Public health workers will distribute vaccine packets placed inside fishmeal blocks or coated with fishmeal as bait throughout a 15-county area in Tennessee to create a barrier against westward spread of the raccoon-adapted strain of rabies virus. The barrier varies from 30 to 60 miles wide and covers approximately 3,400 square miles, running along the Virginia/North Carolina border in northeast Tennessee to the Georgia border in southeast Tennessee near Chattanooga. The vaccine packets will be distributed by hand from vehicles in urban and suburban areas and dropped from specially equipped airplanes in rural areas.

The oral rabies vaccine will be distributed on the following schedule:

  • October 2 -12: Carter, Cocke, Greene, Hamblen, Hawkins, Sullivan, Unicoi and Washington Counties
  • October 7-16: Bradley, Hamilton, Marion, McMinn, Meigs, Monroe and Polk Counties

“Rabies is most common in wild animals in Tennessee, and is a threat to humans and domestic animals that come into contact with wildlife,” said L. Rand Carpenter, DVM, state public health veterinarian. “It’s important for pet owners to make sure rabies vaccinations are current for their dogs and cats to ensure their health and safety, and help provide a barrier between rabies in wild animals and humans. It is also extremely important that people don’t transport raccoons from one area of the state to another.”

Rabies, once disease develops, is almost universally fatal. However, it is completely preventable if vaccine is provided soon after exposure.

This is the eleventh year Tennessee has participated in baiting with rabies vaccine to slow and possibly halt the spread of raccoon rabies. Two raccoons have been diagnosed with rabies in the eastern part of Tennessee so far this year. Since raccoon rabies was first detected in Tennessee in 2003, the disease has not spread as rapidly here as has been documented in other areas of the United States.

Although the vaccine products are safe, the USDA Wildlife Services program has issued these precautions:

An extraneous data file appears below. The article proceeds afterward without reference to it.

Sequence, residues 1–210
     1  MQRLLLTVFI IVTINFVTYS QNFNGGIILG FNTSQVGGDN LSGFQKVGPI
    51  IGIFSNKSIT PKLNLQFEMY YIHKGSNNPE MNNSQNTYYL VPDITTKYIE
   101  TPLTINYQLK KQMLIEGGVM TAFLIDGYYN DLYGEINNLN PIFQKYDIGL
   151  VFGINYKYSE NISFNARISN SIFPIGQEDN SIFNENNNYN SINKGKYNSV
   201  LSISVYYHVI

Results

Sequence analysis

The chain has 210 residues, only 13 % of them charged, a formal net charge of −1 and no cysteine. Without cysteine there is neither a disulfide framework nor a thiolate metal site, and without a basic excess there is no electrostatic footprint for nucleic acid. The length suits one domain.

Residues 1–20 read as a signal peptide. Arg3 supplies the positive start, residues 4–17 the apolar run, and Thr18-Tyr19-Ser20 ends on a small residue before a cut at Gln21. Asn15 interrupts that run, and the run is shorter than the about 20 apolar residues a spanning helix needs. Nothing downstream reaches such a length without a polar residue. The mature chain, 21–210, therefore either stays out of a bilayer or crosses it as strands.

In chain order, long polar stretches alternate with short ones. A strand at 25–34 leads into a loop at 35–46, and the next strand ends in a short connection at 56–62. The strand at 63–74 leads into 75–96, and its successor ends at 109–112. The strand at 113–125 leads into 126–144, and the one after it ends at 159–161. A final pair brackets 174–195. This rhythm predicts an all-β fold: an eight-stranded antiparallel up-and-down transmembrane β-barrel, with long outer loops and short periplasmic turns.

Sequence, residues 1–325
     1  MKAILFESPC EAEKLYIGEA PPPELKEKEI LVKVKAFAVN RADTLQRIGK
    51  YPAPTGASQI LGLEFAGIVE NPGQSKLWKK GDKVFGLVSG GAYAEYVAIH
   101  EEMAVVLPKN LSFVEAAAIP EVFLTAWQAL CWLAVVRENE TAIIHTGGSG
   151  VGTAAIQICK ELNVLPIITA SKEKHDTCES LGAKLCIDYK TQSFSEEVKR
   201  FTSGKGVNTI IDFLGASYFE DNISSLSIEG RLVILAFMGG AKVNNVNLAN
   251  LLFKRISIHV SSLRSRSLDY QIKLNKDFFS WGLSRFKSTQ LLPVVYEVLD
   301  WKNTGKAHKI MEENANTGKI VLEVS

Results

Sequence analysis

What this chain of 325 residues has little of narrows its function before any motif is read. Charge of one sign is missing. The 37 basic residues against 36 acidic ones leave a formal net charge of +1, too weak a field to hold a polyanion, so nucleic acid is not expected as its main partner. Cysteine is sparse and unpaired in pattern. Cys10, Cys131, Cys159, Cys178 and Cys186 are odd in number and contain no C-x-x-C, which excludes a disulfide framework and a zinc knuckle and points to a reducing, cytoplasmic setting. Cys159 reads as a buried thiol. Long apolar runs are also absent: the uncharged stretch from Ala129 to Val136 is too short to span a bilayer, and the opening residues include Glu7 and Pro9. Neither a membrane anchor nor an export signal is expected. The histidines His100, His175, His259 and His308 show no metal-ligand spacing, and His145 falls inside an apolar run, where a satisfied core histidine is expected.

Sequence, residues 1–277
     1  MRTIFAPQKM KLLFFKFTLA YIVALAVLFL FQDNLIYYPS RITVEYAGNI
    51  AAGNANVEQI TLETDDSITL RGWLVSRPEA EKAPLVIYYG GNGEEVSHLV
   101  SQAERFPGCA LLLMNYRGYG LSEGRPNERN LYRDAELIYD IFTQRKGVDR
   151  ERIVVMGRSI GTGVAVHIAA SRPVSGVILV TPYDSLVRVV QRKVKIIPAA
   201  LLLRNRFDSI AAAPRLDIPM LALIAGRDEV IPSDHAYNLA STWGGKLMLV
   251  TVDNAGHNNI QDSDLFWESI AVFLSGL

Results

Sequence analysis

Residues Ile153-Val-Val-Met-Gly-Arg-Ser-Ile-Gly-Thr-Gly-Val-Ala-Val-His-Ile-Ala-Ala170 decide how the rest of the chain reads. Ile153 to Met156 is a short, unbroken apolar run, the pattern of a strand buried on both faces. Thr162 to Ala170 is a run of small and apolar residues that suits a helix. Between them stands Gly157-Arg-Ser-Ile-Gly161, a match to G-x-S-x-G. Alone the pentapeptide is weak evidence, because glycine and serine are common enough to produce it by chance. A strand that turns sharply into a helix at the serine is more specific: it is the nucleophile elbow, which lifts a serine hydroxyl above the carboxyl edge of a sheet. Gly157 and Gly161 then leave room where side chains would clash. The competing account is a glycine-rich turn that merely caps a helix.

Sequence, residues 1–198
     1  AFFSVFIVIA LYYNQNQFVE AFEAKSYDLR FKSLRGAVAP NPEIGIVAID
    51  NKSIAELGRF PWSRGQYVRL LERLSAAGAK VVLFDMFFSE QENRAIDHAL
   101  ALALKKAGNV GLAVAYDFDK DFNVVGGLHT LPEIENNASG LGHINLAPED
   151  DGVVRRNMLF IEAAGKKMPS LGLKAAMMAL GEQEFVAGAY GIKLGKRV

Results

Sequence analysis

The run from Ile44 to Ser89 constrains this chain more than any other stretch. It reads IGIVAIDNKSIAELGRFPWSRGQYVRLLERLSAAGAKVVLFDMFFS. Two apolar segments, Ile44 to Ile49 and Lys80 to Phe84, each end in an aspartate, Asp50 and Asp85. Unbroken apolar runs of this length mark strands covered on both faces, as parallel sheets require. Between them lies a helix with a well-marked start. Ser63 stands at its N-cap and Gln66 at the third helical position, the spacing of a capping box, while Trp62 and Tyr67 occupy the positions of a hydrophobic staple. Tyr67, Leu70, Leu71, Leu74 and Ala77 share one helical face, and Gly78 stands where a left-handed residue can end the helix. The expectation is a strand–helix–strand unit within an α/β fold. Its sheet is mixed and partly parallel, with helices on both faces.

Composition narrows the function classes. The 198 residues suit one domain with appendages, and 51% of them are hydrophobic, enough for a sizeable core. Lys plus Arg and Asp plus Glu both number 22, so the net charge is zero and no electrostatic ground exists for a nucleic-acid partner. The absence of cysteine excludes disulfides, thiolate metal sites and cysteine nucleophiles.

• If you or your pet finds a baited vaccine packet, confine your pet and look for other baits in the area. Wear gloves or use a towel and toss baits into a wooded or fencerow area. These baits should be removed from where your pet could easily eat them. Eating these baits won’t harm your pet, but consuming several baits might upset your pet’s stomach.
  • Don’t try to remove an oral rabies vaccine packet from your pet’s mouth, as you could be bitten.
  • Wear gloves or use a towel when you pick up bait. While there is no harm in touching undamaged baits, they have a strong fishmeal smell. Wash your hands thoroughly with soap and water if there is any chance the vaccine packet has been ruptured.
  • Instruct children to leave baits alone.
  • A warning label on each bait advises people not to touch the bait, and contains the rabies information line telephone number.

For additional information on rabies prevention or the oral rabies vaccine program, call the USDA Wildlife Services toll-free rabies line at 1-866-487-3297 or the Tennessee Department of Health at 1-615-741-7247. You may also find rabies information on the TDH website at http://health.state.tn.us/FactSheets/rabies.htm.

The Tennessee Department of Health urges individuals to enjoy wild animals such as raccoons, skunks, foxes and bats from a distance and keep pets up-to-date on rabies vaccination to help prevent exposure to animals that can carry rabies. The Centers for Disease Control and prevention has a website to help educate children about rabies. Visit the site at www.cdc.gov/rabiesandkids/.